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A Comparison of Foreign Fighters: ISIS and AQI

Ever since the Islamic State rose to prominence, the linkages to its predecessor—Al-Qaeda in Iraq (AQI)—have been the subject of intense research and analysis. After its degradation at the hands of a multinational coalition in Iraq between 2005-2009, AQI (or the Islamic State of Iraq as it was known after 2007) underwent a period of organizational restructuring, strategic planning, and recruiting. The subsequent emergence of a rebranded Islamic State of Iraq and Syria—and its ensuing success—makes any information on its predecessor incredibly valuable for those seeking to comprehend and mitigate the threats posed by ISIS in the contemporary operating environment. 

Documents recovered in 2007 in Sinjar, Iraq contained detailed information on the background and attributes of foreign fighters joining AQI in the Middle East. The documents were analyzed and compiled into a dataset by a joint team from the Combatting Terrorism Center (CTC) and US Special Operations Command (SOCOM), producing tangible insights into the demographics of foreign fighters and the logistics of trafficking those individuals into the operational theater. A similar set of documents—recovered in 2015—contained valuable information on the recruitment and logistics procedures of the Islamic State. This project conducts a statistical analysis of the two data sets to establish linkages between the two organizations. This analysis seeks to inform and support future policy in the ongoing fight against the Islamic State and any future manifestations of the two groups.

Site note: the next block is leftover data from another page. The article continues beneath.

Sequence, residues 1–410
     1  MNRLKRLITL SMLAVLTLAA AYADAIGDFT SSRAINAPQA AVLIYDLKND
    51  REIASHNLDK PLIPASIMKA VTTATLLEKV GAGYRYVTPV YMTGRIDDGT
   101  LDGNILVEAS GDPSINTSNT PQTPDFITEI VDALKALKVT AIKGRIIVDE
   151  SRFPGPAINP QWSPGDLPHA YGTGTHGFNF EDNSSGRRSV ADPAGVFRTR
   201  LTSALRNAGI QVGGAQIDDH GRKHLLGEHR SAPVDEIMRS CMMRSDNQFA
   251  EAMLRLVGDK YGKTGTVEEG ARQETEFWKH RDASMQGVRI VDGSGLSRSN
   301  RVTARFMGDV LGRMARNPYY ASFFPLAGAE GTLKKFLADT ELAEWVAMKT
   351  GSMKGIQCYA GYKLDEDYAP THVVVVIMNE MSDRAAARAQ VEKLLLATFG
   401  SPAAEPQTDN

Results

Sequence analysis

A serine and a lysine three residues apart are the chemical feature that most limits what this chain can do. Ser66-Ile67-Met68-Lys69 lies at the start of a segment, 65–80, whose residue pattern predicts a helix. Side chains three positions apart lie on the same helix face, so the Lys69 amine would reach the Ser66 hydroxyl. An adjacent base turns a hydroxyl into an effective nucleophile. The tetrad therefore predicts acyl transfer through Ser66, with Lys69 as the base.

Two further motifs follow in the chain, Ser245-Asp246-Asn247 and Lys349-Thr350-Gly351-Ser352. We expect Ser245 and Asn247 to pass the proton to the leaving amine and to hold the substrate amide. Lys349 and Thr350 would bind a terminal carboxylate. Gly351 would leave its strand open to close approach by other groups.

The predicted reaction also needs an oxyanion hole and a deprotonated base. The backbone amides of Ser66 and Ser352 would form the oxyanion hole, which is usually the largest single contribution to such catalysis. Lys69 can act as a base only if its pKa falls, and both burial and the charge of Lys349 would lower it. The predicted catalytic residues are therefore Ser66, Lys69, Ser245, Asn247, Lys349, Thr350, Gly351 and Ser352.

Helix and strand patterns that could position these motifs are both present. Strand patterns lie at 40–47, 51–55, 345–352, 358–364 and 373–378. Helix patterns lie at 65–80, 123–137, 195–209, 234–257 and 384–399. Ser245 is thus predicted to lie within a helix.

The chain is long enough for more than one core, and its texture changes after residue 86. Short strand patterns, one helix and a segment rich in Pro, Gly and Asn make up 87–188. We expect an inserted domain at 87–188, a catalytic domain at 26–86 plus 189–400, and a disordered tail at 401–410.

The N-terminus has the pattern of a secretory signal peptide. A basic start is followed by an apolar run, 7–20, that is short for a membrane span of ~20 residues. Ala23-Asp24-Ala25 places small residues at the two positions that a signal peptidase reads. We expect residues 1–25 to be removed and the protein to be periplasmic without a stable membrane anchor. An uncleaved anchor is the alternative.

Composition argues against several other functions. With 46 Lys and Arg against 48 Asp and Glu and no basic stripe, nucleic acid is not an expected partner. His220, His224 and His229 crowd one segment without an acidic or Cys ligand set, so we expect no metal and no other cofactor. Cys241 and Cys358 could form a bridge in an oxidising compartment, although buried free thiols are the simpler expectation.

The analysis covers four broad research questions: 1) What factors influence a foreign fighter’s decision to volunteer as a suicide bomber? 2) What domestic political, social, and economic factors influence foreign fighters to join ISIS in Syria? 3) How do AQI and ISIS traffic foreign fighters into conflict zones? 4) Which ISIS fighters left the organization and why?